Listen Now: Saying I’m Sorry
We all make mistakes but you better not apologize for it.
According to industry experts, the phrase, “I’m sorry” is overused and under-appreciated. So much so that people consider it insincere instead of apologetic and your good intentions are becoming background noise. And the last thing you want to be at work is background noise, especially when taking responsibility for something that went wrong.
Now linguistics experts are saying if you made a mistake take ownership, but maybe in a different way. To help you out the career advice site Inc.com has a list of ways you can say sorry without actually saying you’re sorry.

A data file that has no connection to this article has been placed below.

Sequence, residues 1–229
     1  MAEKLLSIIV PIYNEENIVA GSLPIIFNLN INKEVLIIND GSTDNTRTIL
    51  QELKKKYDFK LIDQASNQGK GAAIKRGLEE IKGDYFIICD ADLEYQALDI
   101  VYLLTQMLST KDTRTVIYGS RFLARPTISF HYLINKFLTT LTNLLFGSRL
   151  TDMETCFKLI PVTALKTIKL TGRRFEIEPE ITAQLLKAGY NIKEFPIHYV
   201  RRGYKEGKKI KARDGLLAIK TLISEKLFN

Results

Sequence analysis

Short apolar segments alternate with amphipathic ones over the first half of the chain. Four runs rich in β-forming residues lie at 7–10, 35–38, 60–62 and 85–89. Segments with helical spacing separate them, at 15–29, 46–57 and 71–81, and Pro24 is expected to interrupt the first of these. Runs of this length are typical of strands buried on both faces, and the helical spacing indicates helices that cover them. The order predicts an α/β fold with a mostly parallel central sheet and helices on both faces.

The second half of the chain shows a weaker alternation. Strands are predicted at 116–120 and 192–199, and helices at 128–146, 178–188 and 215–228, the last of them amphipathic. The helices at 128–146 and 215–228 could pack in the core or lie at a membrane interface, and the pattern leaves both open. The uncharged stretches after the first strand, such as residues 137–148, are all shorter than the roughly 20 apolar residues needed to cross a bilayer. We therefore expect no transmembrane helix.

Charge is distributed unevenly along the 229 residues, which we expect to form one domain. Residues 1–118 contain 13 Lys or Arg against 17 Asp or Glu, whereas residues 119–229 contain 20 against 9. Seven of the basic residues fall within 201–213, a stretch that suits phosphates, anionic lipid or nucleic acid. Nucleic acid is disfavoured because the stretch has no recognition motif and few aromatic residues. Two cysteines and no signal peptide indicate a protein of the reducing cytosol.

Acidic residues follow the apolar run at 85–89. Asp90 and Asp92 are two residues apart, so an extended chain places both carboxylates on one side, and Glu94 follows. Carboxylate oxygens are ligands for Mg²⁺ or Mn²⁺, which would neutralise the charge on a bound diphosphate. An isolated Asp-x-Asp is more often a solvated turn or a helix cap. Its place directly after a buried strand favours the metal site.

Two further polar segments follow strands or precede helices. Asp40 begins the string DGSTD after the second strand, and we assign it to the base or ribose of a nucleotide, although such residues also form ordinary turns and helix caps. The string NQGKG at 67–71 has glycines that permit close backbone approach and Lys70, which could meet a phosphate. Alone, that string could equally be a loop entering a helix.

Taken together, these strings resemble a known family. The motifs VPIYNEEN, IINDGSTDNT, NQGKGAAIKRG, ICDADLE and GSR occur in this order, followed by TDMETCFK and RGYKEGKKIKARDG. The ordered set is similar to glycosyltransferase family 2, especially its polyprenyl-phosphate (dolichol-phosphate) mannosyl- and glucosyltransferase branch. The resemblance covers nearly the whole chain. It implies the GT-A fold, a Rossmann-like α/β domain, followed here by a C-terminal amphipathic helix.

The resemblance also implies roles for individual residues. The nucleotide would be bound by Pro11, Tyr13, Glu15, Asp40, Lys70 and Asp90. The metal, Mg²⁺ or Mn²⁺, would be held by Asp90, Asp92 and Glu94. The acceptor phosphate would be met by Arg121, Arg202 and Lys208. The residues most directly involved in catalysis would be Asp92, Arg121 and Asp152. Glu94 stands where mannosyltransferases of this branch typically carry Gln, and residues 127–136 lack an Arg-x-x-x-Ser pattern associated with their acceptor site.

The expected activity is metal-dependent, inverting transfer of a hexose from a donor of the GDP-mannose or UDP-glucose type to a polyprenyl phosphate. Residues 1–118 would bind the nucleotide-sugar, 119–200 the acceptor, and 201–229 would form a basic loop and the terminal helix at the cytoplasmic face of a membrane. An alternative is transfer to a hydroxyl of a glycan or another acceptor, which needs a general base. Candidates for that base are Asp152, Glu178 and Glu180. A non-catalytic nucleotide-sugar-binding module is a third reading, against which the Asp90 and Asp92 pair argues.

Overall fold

Experts say an apology is meant to be a launchpad for a more meaningful conversation and if done right can help advance your career. So try expressing what you did, what you see happened and what you will do next time; or instead of apologizing thank the person for pointing out what went wrong.
For more ways to apologize, check out the full article on Inc.com. Maybe you can benefit from your mistake.
CBS News Radio national business journalist Brian Banmiller has spent more than 40 years in the news industry, covering business, politics and the economy on television, radio and in print. Currently, his “Banmiller on Business” reports are delivered to an audience of millions nationwide.
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